Baclofen Treatment for Pain in Nonfunctional Children with Cerebral Palsy - A Brief ReportHilla Ben-Pazi1*, Gila Ben-Shimol2, Ruth David2, Adi Aran3 and Natali Dechtiar2
- *Corresponding Author:
- Ben-Pazi H
Pediatric Movement Disorders, Neuropediatric Unit
Shaare Zedek Medical Center POB 3235, Jerusalem 91031, Israel
E-mail: [email protected]
Received date: January 7, 2016 Accepted date: March 5, 2016 Published date: March 14, 2016
Citation: Ben-Pazi H, Ben-Shimol G, David R, Aran A, Dechtiar N (2016) Baclofen Treatment for Pain in Nonfunctional Children with Cerebral Palsy - A Brief Report. J Pediatr Neurol Med 1:108. doi:10.4172/2472-100X.1000108
Copyright: © 2016 Ben-Pazi H, et al. This is an open-access article distributed under the terms of the Creative Commons Attribution License, which permits unrestricted use, distribution, and reproduction in any medium, provided the original author and source are credited.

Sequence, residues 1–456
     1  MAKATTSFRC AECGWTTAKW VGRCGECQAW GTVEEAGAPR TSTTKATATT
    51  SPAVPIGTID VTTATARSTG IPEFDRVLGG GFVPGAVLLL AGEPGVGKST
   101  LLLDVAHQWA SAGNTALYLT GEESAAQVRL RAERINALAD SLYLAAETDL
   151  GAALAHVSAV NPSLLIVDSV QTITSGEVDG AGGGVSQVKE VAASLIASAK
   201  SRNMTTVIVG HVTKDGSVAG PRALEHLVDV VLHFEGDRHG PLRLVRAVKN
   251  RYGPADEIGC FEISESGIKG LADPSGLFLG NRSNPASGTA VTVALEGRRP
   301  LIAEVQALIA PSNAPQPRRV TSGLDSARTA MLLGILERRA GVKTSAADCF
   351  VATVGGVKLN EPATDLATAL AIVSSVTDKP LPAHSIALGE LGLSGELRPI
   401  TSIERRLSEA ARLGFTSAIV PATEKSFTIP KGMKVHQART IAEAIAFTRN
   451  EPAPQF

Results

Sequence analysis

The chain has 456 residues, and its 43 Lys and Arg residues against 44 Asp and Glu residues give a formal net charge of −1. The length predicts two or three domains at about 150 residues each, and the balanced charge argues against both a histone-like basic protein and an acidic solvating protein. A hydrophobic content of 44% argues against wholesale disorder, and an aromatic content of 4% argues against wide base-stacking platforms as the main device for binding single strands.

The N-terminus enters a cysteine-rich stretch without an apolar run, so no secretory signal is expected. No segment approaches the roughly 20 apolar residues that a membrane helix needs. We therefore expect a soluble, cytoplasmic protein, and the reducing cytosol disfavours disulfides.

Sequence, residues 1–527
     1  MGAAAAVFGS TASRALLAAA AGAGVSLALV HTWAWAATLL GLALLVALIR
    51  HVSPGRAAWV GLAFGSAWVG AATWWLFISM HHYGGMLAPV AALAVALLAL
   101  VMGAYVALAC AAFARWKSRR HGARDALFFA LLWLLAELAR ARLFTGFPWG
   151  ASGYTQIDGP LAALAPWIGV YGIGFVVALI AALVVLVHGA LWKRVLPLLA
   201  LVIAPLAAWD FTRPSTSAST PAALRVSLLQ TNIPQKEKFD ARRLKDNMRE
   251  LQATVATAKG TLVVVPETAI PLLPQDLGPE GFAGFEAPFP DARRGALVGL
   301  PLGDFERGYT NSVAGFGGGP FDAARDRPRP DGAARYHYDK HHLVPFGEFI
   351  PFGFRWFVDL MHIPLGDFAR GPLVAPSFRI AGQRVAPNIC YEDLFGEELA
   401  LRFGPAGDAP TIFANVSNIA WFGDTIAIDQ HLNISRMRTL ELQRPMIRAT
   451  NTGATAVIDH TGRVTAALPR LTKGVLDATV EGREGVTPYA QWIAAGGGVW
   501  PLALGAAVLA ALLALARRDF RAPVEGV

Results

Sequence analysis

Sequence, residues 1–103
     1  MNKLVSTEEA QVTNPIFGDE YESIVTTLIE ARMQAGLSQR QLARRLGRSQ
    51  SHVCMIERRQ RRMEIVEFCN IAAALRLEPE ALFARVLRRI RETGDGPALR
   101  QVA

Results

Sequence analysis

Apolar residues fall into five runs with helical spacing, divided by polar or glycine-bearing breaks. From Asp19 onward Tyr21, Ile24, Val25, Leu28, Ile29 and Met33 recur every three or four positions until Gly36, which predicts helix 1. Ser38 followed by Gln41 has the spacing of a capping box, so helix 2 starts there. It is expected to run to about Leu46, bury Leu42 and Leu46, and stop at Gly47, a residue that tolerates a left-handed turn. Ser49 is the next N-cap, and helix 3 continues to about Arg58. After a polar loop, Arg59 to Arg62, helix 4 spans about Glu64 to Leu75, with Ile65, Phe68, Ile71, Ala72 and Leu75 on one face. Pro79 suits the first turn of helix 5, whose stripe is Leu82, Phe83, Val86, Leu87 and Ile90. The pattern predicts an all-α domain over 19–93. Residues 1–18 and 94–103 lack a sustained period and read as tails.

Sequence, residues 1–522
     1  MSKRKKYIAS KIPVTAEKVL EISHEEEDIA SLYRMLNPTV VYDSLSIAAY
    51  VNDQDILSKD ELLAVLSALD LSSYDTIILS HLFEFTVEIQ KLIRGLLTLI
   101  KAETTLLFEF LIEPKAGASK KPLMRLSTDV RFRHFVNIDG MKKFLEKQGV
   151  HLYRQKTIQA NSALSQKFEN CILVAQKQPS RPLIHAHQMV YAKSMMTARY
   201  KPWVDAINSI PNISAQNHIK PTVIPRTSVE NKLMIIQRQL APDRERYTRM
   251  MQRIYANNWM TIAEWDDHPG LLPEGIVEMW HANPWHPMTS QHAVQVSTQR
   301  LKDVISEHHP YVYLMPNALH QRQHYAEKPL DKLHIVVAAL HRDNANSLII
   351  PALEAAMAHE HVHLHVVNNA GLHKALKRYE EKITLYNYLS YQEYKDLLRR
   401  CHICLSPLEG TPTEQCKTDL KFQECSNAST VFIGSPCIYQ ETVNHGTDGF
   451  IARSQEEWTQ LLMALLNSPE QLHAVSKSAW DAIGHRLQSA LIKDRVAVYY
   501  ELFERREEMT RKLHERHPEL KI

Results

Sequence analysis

Baclofen, a GABA-B agonist, reduces hypertonia by increasing spinal inhibition and improves motor function in functional children with cerebral palsy. We hypothesized that oral baclofen reduces pain and improves daily care in nonfunctional children with spastic cerebral palsy. To test this children residing in nursery homes with hypertonia causing pain or interfering with daily care were enrolled in this randomized, double blind, placebo controlled, crossover pilot study. Participants were examined before, during and after 13 weeks of baclofen (2 mg/kg/day) and placebo for pain (Brief Pain Inventory and Dalhousie Pain Survey), ease of care (care and comfort questionnaire) and overall treatment assessment (specific questionnaire, designed for this study). Two participants completed this pilot (ages 7 and 8 years). Pain was reported to interfere less on peak dose of baclofen treatment compared to placebo in one child (p=0.0001) and care tended to be easier in the other (p=0.05). Blinded caregivers recommended continuing baclofen. No significant side effects were reported. Baclofen, an inexpensive safe medication, may alleviate pain in nonfunctional spastic children.